New Brunswick, NJ, USA, 8 - 12 April 2009
Between the 8th and 11th of April, the National Association of Chicano/Chicana (Mexican-American) Studies will have their annual national academic conference in New Brunswick. This is the first time the Association brings its meeting of 500+ people to the Northeast! It is also the association’s fortieth anniversary. The Department of Latino and Hispanic Caribbean Studies, with the support of the SAS Dean’s office and other units, will be the local host for this conference.
For more information, please visit http://www.naccs.org/naccs/General_Info_EN.asp?SnID=941918868.
The XXXVI NACCS Conference theme examines the legacy, present, and future of Chicana and Chicano Studies. As the first decade of the new millennium comes to a close, Chicana and Chicano Studies remains the site for radical and innovative scholarship about the experience and cultural production of Chicanas and Chicanos. Through the development and adoption of revolutionary critical frameworks, Chicana and Chicano scholars have broadened the discipline to include relevant fields like Environmental Justice, Gender and Sexuality Studies, and Urban Studies. As we move forward, it is time to examine the legacy of Chicana and Chicano Studies. The year 2009 marks the fortieth year anniversary of key developments in Chicana and Chicano Studies. At the height of the Movimiento in 1969, activists and scholars came together to define what Chicana and Chicano Studies was to be. In Colorado, Corky Gonzalez and the Crusade for Justice organized the First National Chicano LiberationYouth Conference. During the conference, Alurista presented the Plan Espiritual de Aztlán calling for nationalism and self-determination. At the University of California – Santa Barbara, members of the Chicano Coordinating Council on Higher Education met to discuss the implementation of Chicana and Chicano Studies programs in California. The document they produced would become El Plan de Santa Barbara and lay out one of the foundations for Chicana and Chicano Studies. Far from perfect, both plans and their authors were to be criticized within our communities and outside. From within, their silence about the many contributions of women and queer Raza was to be questioned by a generation of activists and intellectuals, including NACCS Scholars Gloria Anzaldúa and Cherrie Moraga. From outside, their call for radical, educated, and organized Chicanas and Chicanos was seen as threatening to the status quo. Today, they continue to draw scholarly attention and criticism.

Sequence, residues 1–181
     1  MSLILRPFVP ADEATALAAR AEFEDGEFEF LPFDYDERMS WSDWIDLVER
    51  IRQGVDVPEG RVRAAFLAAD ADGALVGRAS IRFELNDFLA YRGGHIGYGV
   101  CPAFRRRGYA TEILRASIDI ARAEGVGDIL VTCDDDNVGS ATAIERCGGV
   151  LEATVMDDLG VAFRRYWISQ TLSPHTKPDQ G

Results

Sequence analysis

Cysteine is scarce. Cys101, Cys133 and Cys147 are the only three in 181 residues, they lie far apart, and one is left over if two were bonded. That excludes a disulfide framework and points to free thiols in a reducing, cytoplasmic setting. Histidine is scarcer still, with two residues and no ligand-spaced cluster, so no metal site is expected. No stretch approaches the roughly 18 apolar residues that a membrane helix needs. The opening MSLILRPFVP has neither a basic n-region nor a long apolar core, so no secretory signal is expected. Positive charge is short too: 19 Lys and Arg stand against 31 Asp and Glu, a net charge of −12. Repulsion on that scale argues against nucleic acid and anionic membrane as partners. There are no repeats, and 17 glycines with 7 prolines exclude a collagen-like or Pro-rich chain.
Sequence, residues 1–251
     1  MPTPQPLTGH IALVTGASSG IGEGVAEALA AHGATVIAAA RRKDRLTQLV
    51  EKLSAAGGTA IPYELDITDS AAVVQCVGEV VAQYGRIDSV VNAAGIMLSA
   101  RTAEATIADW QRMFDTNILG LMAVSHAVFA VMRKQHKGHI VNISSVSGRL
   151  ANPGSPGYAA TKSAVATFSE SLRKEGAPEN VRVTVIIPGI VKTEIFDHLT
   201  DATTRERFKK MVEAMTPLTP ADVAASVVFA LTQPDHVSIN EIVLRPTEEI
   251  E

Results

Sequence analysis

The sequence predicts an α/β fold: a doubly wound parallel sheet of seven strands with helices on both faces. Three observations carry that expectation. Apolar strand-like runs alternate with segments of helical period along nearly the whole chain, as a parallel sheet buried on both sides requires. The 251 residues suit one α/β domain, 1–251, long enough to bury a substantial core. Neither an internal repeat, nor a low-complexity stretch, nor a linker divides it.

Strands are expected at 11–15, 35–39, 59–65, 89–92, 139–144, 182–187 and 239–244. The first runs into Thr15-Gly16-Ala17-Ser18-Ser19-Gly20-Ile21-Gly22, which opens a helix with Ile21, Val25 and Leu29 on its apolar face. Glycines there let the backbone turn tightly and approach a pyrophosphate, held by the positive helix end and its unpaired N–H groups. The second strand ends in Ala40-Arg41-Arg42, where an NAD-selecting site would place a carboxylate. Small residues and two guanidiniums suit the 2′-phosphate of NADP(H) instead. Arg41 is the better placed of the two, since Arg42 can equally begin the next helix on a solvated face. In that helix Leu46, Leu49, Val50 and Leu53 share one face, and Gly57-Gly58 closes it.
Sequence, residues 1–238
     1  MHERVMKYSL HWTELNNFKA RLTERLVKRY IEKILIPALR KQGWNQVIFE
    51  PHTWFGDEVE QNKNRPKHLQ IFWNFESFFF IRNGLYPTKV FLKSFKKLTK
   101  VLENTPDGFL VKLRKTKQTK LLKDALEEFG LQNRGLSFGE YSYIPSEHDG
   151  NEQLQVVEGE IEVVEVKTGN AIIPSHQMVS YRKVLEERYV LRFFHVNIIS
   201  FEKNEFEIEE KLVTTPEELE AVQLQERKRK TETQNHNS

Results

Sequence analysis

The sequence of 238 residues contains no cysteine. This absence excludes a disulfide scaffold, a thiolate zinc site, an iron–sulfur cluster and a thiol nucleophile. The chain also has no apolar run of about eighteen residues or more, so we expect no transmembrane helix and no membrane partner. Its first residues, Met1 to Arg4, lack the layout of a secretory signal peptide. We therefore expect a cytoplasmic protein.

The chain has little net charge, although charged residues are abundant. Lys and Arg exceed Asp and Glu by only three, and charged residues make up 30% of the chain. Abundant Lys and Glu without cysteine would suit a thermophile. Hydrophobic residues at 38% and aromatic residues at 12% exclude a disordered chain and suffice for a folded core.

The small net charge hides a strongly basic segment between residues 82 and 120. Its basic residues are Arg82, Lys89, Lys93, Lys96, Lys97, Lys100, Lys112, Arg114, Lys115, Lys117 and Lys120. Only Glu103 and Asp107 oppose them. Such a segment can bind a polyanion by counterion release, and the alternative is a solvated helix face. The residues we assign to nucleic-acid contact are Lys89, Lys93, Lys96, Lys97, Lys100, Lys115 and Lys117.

These two plans emerged from a history activism of Chicanas and Chicanos angered by the institutional and structural barriers that prevented the advancement of La Raza. The previous year, in 1968, community activism brought the foundation of the first Chicana and Chicano Studies program at California State University Los Angeles. By the early 70s, more Chicana and Chicano Studies programs and departments emerged throughout the US. Today, Chicana and Chicano Studies is a prominent and recognized discipline worldwide.
What will the next forty years of Chicana and Chicano Studies bring?
NACCS invites submissions of paper, panel, workshop, and roundtable presentations that examine the legacy, present, and future of Chicana and Chicano Studies. We especially welcome proposals addressing the intersection of Chicana and Chicano Studies with other interdisciplinary areas, in particular Environmental Justice, Gender and Sexuality, and Urban Studies. The organization also welcomes critical reflections on the relationship between Chicana and Chicano Studies and other Ethnic Studies programs, including, but not limited to, Latina and Latino Studies, Puerto Rican Studies, Central American Studies, African American Studies, Native American Studies, and Asian Studies. Please submit your proposals no later than October 15, 2008, online at: www.naccs.org